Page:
Before starting colouring work such as Ink and Paint or even creating new colour models, you may want to load existing colour palettes to your scene. You can do so by linking colour palettes to your palette lists.
You may encounter a case where only a colour palette is visible when a layer is selected. If you need that palette in a second layer, you can link the palette to the second layer's palette list, A good example would be a scene where there is a character on one layer and its arm is on another. In order for both layers to access the palette, you must link both Element Palette lists to that palette. If you palette is linked to the Scene Palette list, it will be accessible by all layers.
If you created a palette in another project and you want to import it in your current project, you can browse for the palette file on your computer and add it to your scene. When the palette is imported in your scene, the file is copied in the project’s directory. It is not linked to the original file.
With Toon Boom Harmony as a stand-alone application, every scene is local to the machine. This means that all of the scene’s data is only accessible from that particular scene. Palettes are also local to the scene; they can be shared between all drawing layers, but not between scenes.
However, you may want to share palettes across a whole project. Harmony offers that possibility. By default, a palette is an independent file stored in your scene. This file can be copied, moved, or deleted.
To link a palette throughout an entire project, you need to create a central directory where you can copy all the palettes you created. Every time you link a palette in an element, it is linked to this folder. If you modify the palette, it will be updated throughout the whole project.
You will notice that when you create or link a palette, a small icon appears on its left. These icons represent the palette linkage status.
Indicates that the palette is safe.
There won’t be any trouble once the scene will be exported. For example, the palette file is stored in the scene folder and is linked to the Scene Palette List.
Indicates that the palette file is stored in a directory external to the scene’s structure.
The palette file is probably stored in a Master Palette directory on a hard drive external to the palette-libraries planned for the palette storage. The warning in this case is that if you move your Master Palette directory to another location, you may loose the palette in your scene.
Indicates that a palette file stored in a level such as Element, Scene, Job or Environment is linked to a Palette list that is not on the same level.
For example, a palette file is stored into the Environment folder and is linked to the Element Palette list. The palette is shared.
Indicates a potentially dangerous situation.
Problems may occur when trying to export or link to the palette file. For example, a palette file is stored into the element folder and is linked to the Scene Palette list. The issue in this case is that if you decide to delete the layer containing the palette, you will loose it from your scene.
|1.||Do one of the following:|
|‣||From the Colour View menu, select Palettes > Link.|
|‣||Right-click and select Link.|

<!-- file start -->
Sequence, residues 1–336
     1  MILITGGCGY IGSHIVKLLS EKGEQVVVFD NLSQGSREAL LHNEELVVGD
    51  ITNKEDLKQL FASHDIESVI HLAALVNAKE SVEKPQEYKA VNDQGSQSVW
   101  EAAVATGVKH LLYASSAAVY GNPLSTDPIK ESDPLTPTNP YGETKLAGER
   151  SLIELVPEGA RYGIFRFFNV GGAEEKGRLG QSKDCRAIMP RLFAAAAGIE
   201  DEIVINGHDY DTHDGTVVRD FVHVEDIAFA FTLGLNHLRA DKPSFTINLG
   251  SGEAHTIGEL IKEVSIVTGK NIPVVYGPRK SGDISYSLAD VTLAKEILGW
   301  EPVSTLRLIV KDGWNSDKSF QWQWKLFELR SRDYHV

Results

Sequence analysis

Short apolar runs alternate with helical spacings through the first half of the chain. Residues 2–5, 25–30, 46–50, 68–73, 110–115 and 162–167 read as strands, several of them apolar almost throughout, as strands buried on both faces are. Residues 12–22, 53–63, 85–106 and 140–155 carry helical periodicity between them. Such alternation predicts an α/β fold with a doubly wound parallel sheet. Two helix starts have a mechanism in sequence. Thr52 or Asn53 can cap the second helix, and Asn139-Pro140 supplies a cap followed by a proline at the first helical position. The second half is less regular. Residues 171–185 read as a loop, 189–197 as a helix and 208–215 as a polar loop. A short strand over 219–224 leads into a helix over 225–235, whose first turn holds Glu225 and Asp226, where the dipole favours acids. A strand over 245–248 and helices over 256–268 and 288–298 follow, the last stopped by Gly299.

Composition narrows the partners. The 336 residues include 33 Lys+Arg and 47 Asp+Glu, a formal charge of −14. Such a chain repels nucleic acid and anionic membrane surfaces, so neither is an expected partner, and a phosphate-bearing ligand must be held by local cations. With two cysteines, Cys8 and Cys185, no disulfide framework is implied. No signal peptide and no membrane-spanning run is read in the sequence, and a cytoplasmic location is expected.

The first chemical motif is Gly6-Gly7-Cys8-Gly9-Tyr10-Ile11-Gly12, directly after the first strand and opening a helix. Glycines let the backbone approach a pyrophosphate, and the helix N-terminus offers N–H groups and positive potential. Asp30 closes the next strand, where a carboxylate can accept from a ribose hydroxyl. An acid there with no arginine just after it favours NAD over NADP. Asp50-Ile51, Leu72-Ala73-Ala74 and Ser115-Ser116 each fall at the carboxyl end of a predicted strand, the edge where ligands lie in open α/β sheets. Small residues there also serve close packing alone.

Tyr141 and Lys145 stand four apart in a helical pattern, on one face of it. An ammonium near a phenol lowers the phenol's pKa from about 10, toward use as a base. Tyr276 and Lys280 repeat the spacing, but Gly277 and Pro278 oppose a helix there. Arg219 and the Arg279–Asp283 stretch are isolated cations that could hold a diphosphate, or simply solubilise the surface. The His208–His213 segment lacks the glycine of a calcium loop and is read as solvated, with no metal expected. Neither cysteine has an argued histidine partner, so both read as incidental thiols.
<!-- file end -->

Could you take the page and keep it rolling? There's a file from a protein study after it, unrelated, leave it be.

|‣||Click the Import button.|
The Palette Browser: Link Palette dialog box opens.
|2.||Select the level where the palette file is stored—see Palette File Storage .|
|3.||Select the palette list linking level by enabling either Scene Palette List or Element Palette List—see Palette Lists.|
The palette appears in the Colour view.
|4.||Do one of the following:|
|‣||From the Colour View menu, select Palettes > Import.|
|‣||Right-click and select Import.|
The Browser window opens.
|5.||Browse for a palette file located (
The Palette Browser opens.
|7.||If you are in Advanced Palette mode, select the level where the palette file is stored—see Palette File Storage .|
|8.||If you are in Advanced Palette mode, select the palette list linking level by enabling either Scene Palette List or Element Palette List—see Palette Lists.|
|9.||In the New Palette Name, name the imported palette.|
The palette appears in the Colour view and the file is copied in your project.
|1.||In the Colour view, click on the Create Palette button to create your palette to be used as external.|
|2.||Save your scene by selecting File > Save from the top menu or by clicking the Save button or press Ctrl + S (Windows/Linux) or ⌘ + S (Mac OS X).|
|3.||On your computer or server, create a master directory. Ideally, this should be created in your Root folder to keep it within the project directory. You could also place it inside your Colour Model’s subdirectory. Refer to the Fundamentals Guide to learn more about project organization.|
|4.||Name the folder appropriately, for example:
|5.||From your operating system, browse to your Toon Boom Harmony scene and open the palette-library folder.|
|6.||Select and copy your palette
|7.||Create a new Toon Boom Harmony scene or open the scene where you will link this palette.|
|8.||In the Timeline or Xsheet view, select the element to link the palette to.|
|9.||From the Colour View menu, select Palettes > Link to External.|
The Link to External Palette dialog box opens.
|10.||Click Browse to search for your master palettes folder and select the palette
|11.||In the Palette list section, select how you want to load the palette; at the scene or element level.|
The linked palette appears in the Colour view.
If a palette is outside the scene, the External icon appears beside the palette name.